Economic relations have improved more slowly than the military relationship. Trade over the past several years has grown reaching $48.16 billion in 2007, a 44.3 percent year-on-year increase, and they have a goal of increasing bilateral trade to between $60 billion and $80 billion by 2010. A robust border trade has developed over the past decade, and several border towns have become “open cities” to facilitate this dynamic local trade. The slow development of economic and trade relations was due largely to the problems Russia was experiencing with the transition from a centrally planned command economy to a market economy.

The greatest potential for cooperation is in the developing energy sector. China’s rapid economic development during the past several decades has increased its demand for imported oil and gas. Estimates are that China will import 1.3 million barrels of oil a day by 2010. In October 2008 China and Russia reached agreement to construct a pipeline connecting Russia’s oilfields to China. The Russian Far East has vast undeveloped oil and gas fields. However, Russians living in the Russian Far East are reluctant to develop closer relations with China because of their apprehension about the socioeconomic consequences of a stronger Chinese presence in the region. This apprehension is rooted in the deep historical differences and the history of conflict along the long mutual boundary. The demographic imbalance in the Far Eastern regions of Russia and northeastern China is also a point of concern. The Russian Far East has a population of roughly 8 million, while northeastern China has a population of approximately 100 million; the Russians fear Chinese in-migration will cause them to become a minority in their own country. Regional leaders in the Russian Far East have been more skeptical than leaders in Moscow about developing closer economic relations with China. They would rather develop closer relations with Japan, South Korea, and the United States.

Future Concerns

Although in the post–Cold War world China and Russia share common strategic concerns and some complementary economic interests, they will not easily overcome the deeply rooted historical and geopolitical legacy of conflict. Many inherent tensions are simply due to the fact that China and Russia share a long border. More fundamental causes of friction are the result of China’s dynamic economic growth and Russia’s economic decline, resulting in a shift in the balance of power between the two countries over the long term. Russian anxiety, especially in the Russian Far East, over what is perceived as a demographic time bomb just across the border in northeastern China will stymie closer economic cooperation and integration for the foreseeable future. Nonetheless, if China and Russia effectively manage the inherent tensions in their bilateral relations, closer military and economic cooperation is possible. One factor that will determine the closeness of Russia-China relations is the relationship between t
he United States and China and between the United States and Russia. Certainly for economic reasons, both countries would value a better relationship with the United States more than a closer relationship with each other. But concern over American “hegemony” or unilateralism could cause a closer China-Russia strategic relationship that may form the cornerstone of an anti-American coalition seeking to undermine U.S. influence in important regions of the world, including the Middle East and Northeast Asia.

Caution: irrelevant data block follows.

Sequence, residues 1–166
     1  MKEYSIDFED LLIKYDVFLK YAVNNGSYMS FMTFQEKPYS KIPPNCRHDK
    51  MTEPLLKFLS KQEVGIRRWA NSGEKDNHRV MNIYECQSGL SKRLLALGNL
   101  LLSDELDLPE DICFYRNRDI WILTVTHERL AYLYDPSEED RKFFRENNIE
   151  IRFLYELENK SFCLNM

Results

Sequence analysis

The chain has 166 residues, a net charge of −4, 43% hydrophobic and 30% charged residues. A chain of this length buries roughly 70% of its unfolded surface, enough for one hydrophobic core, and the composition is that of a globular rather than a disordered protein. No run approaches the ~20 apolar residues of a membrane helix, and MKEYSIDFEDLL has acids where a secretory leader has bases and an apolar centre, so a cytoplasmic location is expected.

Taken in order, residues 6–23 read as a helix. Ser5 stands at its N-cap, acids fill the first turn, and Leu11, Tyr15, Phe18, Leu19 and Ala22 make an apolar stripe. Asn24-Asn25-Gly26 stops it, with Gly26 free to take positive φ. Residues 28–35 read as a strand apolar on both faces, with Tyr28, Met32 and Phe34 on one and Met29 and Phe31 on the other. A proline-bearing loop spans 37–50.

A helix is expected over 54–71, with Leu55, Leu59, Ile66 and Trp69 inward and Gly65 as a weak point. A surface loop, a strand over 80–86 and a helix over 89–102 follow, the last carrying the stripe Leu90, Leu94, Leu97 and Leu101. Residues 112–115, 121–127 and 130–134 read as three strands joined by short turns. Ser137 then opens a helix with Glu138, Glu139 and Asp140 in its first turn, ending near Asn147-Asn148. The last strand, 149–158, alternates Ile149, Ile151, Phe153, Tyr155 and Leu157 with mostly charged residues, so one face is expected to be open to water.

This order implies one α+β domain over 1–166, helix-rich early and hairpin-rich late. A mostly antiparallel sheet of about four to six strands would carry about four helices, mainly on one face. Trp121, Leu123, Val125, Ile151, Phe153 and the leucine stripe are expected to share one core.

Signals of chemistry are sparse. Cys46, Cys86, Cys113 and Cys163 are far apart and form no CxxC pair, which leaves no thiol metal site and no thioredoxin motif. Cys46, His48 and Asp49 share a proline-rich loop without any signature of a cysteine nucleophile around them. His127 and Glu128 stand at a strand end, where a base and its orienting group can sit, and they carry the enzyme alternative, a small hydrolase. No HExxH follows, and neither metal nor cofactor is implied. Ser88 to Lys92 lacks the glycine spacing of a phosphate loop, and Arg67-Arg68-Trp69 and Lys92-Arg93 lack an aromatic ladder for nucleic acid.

Further Reading

Burles, M. (1999). Chinese policy toward Russia and the Central Asian Republics. Santa Monica: Rand.

Chen, Vincent (1966). Sino-Russian relations in the seventeenth century. The Hague, The Netherlands: Martinus Nijhoff.

Clubb, O. E. (1971). China and Russia: The “Great Game.” New York: Columbia University Press.

Garnett, S. W. (2000). Rapprochement or rivalry? Russia-China relations in a changing Asia. New York: Carnegie Endowment International Peace.

Garver, J. (1993). Foreign relations of the People’s Republic of China. Englewood Cliffs, NJ: Prentice-Hall.

Jacobson, C. G. (1981). Sino-Soviet relations since Mao. New York: Praeger.

Lattimore, O. (1962). China’s inner Asian frontiers. Boston: Beacon Press.

Leong, Sow-Theng (1976). Sino-Soviet relations, 1917–1926. Canberra, Australia: Australian National University Press.

Low, A. D. (1976). The Sino-Soviet dispute: An analysis of the Polemics. Rutherford, NJ: Fairleigh Dickinson University Press.

Nemets, A. (1996). The growth of China and prospects for the eastern regions of the former USSR. Lewiston, NY: Mellen.

Paine, S. C. M. (1996). Imperial rivals: China, Russia, and their disputed frontier. Armonk, NY: M. E. Sharpe.

Schwartz, H. (1964). Tsars, Mandarins, and the Commissars: A history of Chinese-Russian relations. London: Victor Gollancz.

Voskressenski, A. D. (1996). The difficult border: Current Russian and Chinese concepts of Sino-Russian relations and frontier problems. Commack, NY: Nova Science.

Source: Hyer, Eric. (2009). Russia-China Relations. In Linsun Cheng, et al. (Eds.), Berkshire Encyclopedia of China, pp. 1912–1917. Great Barrington, MA: Berkshire Publishing.

Shanghai Exhibition Hall (formerly the Palace of Sino-Soviet Friendship). In 1992 President Boris Yeltsin of Russia and President Jiang Zemin of China both began promoting a strategic partnership between China and Russia. This new focus on China-Russia cooperation resulted in several high-level meetings and agreements. The two leaders formally announced the strategic partnership during a summit meeting held in April 1996 in Shanghai. PHOTO BY JOAN LEBOLD COHEN.

The People’s Theatre in 1983, in Urumchi, the capital of the Xinjiang Uygur Autonomous Region. The neoclassical motifs came to China via various Soviet-influenced states. In the mid-nineteenth century Russia advanced into Central Asia, where China had claimed control over the area that is today. It took several treaties and the work of many boundary commissions to demarcate precisely the China-Russia boundary in Central Asia. PHOTO BY JOAN LEBOLD COHEN.